How to build a map of rodent infestation complaints in your city

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A city’s calls for service can be an interesting proxy for the problems it’s facing. In collaboration with Northeastern professor Mike Beaudet’s investigative reporting class, we decided to explore rodent infestation complaints in Boston and build a map to visualize them. The maps were later aired and published on Boston’s WCVB. Here’s how we did it:

Download the dataset

Looking at the City of Boston’s data portal, we found a database of 311 service requests. Here are 311 datasets for New York City, San FranciscoWashington D.C., and Houston.

311portal
We decided to try the Filter function within the data portal and after reviewing the categories under CASE_TITLE, decided to filter for all instances of the terms “mice infestation, rodent activity, and pest infestation” in the CASE_TITLE column. Then, we clicked Export and selected CSV.

filter-in-311

Import the data into Carto

Carto, a digital mapping platform, makes it easy to explore your dataset while visualizing it. Sign up for a free account and navigate to this screen:

cartologin

Click New Dataset. Click BROWSE to upload the dataset you just downloaded.

add-data
Wait for the dataset to be uploaded.

carto-connect

Carto has its own spreadsheet visualization.

rodent-in-carto

 

Visualizing your data

Notice is automatically created a the_geom column that united the latitude and longitude coordinates that your dataset already had. This allows Carto to plot those coordinates as point data on a map. Click MAP VIEW to see them all.

rodent-map

Finding stories in the data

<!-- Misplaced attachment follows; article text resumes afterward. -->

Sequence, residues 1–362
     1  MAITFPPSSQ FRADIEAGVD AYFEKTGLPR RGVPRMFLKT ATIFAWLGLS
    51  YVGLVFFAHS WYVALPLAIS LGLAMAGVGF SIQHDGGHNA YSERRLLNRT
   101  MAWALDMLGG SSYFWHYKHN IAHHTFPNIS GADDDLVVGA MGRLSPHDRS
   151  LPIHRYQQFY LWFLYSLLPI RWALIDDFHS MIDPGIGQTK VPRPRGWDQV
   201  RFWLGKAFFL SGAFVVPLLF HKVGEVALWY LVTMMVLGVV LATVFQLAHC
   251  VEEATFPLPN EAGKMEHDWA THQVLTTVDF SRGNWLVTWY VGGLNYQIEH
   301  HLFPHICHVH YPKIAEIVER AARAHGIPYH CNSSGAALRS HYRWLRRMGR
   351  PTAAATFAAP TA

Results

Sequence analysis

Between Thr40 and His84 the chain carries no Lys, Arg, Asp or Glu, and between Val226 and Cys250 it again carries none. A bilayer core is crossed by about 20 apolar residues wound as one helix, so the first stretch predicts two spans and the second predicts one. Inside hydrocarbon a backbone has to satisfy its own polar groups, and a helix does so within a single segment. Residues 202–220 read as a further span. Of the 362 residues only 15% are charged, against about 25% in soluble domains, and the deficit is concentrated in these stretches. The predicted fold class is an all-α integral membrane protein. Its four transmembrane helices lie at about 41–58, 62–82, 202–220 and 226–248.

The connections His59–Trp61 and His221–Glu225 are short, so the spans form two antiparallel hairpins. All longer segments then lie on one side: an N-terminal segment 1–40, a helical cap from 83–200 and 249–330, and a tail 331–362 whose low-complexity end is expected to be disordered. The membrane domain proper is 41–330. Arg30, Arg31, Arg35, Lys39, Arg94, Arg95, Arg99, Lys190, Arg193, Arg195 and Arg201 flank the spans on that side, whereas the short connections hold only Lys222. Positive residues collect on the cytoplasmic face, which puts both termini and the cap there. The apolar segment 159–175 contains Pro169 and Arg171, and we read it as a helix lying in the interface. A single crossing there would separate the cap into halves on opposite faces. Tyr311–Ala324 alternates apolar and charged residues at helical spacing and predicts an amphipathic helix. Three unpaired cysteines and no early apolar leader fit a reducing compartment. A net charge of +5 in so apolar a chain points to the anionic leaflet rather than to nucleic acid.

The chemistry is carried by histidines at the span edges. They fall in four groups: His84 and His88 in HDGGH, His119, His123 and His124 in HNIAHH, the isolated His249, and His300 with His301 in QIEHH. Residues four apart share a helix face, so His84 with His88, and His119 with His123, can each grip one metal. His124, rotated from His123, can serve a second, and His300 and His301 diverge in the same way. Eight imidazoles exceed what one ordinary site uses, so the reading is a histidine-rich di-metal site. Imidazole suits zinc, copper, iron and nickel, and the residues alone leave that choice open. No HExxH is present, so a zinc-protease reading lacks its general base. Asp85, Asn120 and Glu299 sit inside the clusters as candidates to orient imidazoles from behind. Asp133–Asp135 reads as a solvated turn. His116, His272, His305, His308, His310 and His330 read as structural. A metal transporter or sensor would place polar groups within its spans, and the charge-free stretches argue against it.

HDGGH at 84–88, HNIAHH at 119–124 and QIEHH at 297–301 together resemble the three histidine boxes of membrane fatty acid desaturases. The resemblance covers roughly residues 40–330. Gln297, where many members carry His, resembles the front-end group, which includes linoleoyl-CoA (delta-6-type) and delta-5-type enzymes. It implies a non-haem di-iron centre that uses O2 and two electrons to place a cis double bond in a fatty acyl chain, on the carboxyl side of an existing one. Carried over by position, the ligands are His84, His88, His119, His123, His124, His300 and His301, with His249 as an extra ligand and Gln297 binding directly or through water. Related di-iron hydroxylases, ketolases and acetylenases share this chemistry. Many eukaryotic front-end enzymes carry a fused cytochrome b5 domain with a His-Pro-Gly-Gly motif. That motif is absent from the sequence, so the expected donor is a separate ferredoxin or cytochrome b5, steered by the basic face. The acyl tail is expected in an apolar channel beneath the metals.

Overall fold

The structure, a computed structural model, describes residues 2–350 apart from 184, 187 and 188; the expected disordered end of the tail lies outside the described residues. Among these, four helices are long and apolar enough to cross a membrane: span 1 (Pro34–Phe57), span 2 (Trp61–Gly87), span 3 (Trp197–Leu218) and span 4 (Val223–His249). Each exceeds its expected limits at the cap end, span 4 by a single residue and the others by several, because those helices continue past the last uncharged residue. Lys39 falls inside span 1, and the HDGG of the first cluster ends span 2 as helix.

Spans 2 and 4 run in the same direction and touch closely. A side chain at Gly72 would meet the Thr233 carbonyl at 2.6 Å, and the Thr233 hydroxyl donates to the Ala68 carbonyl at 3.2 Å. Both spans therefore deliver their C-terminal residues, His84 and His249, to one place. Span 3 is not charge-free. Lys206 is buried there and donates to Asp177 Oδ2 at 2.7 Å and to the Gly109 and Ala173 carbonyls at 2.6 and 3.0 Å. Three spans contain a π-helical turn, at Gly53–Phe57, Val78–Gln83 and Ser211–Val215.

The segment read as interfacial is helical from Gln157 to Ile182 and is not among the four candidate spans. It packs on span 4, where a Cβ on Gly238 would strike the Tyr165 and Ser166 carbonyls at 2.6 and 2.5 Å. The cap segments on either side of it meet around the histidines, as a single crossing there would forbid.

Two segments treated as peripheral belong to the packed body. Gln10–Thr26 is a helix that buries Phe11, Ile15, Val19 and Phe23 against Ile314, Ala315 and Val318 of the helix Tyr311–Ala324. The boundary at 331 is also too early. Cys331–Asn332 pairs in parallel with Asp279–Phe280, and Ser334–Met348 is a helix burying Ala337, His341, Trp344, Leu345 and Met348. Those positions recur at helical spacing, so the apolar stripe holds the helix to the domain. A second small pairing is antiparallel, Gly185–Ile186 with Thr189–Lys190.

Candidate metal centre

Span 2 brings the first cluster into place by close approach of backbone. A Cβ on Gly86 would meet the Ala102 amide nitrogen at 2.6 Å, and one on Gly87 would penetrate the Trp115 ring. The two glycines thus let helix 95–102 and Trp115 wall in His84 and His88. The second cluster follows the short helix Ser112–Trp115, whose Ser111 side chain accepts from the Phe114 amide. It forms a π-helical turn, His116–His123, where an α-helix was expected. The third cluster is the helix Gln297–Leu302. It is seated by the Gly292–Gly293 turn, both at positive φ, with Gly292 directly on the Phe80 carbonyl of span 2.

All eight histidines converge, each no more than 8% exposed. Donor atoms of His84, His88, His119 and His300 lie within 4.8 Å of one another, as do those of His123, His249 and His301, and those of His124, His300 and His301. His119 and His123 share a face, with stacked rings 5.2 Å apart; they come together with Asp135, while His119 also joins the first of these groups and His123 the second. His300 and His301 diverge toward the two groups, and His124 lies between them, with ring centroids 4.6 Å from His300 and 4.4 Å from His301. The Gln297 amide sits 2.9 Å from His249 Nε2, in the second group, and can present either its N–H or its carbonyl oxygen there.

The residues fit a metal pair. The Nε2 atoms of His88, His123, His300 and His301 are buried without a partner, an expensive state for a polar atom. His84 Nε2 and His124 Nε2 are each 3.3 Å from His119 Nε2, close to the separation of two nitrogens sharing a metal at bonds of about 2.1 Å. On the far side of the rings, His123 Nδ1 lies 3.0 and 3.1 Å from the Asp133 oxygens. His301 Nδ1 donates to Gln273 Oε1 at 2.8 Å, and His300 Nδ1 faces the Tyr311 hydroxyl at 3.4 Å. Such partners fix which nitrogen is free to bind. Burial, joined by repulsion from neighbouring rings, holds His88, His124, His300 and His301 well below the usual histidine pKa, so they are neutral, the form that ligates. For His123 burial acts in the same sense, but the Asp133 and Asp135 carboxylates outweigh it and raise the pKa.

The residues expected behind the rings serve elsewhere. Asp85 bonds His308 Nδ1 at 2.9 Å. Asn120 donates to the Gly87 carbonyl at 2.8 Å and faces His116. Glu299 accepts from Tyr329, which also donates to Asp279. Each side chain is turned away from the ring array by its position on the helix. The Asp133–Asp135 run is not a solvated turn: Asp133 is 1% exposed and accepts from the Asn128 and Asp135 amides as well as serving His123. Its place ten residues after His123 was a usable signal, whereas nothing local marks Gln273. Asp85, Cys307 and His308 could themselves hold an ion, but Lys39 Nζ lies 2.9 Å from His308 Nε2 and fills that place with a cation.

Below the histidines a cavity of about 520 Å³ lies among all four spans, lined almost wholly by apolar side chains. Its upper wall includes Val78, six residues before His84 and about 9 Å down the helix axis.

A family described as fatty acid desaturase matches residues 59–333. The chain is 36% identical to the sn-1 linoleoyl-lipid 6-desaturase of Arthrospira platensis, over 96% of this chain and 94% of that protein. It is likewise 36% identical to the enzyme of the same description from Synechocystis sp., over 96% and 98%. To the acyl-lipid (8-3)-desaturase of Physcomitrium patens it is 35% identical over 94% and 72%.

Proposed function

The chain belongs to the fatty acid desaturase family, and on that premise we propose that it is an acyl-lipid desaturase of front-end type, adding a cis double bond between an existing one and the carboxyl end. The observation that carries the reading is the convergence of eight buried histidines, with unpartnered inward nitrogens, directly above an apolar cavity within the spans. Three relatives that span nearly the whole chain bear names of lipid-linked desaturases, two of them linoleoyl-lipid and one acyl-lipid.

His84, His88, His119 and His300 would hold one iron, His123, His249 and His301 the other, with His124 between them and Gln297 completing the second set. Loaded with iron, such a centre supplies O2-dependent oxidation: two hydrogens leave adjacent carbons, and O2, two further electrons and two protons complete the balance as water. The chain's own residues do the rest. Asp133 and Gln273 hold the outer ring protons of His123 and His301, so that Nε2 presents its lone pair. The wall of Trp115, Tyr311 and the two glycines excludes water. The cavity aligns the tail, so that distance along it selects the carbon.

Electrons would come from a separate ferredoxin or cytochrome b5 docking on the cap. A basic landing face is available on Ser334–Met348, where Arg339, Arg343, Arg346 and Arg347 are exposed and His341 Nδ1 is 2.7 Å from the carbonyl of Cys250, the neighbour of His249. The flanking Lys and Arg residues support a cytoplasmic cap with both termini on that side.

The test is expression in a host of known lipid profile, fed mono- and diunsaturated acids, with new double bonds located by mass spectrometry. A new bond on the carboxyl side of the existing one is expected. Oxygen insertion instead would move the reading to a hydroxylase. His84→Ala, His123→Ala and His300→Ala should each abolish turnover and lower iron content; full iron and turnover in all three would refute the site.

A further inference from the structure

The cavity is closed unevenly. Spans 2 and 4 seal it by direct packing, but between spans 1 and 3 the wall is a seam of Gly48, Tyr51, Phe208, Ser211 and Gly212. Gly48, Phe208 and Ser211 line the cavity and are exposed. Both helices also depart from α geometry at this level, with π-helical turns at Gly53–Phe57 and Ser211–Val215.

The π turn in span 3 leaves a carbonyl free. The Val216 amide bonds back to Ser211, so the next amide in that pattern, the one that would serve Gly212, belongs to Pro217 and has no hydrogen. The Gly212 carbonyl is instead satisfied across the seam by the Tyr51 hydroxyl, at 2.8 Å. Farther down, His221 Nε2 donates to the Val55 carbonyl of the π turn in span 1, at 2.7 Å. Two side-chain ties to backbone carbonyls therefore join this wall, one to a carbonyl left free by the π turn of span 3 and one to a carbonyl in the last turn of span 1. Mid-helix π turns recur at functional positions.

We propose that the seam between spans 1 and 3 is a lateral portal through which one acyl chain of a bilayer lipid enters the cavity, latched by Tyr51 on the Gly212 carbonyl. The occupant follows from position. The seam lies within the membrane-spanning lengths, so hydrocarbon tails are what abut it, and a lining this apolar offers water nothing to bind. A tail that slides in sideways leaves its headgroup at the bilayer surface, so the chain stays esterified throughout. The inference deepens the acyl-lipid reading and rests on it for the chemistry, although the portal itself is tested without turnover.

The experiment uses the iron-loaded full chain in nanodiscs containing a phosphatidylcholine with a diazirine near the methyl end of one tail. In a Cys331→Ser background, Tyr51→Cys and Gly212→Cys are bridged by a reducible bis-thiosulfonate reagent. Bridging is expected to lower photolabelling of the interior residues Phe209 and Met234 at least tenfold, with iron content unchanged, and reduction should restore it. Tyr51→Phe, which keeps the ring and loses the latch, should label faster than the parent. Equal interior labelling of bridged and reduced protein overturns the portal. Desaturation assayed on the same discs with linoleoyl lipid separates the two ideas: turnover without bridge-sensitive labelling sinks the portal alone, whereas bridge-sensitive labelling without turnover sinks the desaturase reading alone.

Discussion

Now, to dig into the data and try to find some stories. Carto automatically offers a few options in the bottom-left corner, “19 interesting maps” in this case. Check those out for an idea of how it is visualizing different dimensions of the data. But let’s ask some questions of our own.

Click the filters button in the right menu to reveal the following:

filters

 

By selecting open_dt – when the 311 complaint case was opened – in the “Select a column to filter by” drop-down menu, and then entering 2011, 2012, 2013, 2014, 2015 or 2016, we can watch the 311 rodent complaints over time.

How to animate the data

Go back to the DATA VIEW and convert the open_dt column type from string to date. There’s a drop-down menu when you click string. Convert it. (Carto will say that you may lose data in the conversion process. Anything that it doesn’t recognize as a date it will mark as null. For brevity’s sake, we’ll allow this, but ideally we’d go through the entire dataset and clean up the date column.)

Next, go back to MAP VIEW, click the wizards tab on the right-hand menu and navigate over to the TORQUE option.

torque

 

Click TORQUE and make sure the Time Column is set to open_dt.

 

rodent-gif

 

You can set the speed, the size of the dots, the color and other aspects of your animation. To embed on your website, click Publish and copy the iframe embed code.

 

 

 

Storybench’s editor is Aleszu Bajak, a science journalist and former Knight Science Journalism Fellow at MIT. He is an alum of Science Friday, the founder of LatinAmericanScience.org, and is passionate about breaking down the divide between journalists, developers and designers.

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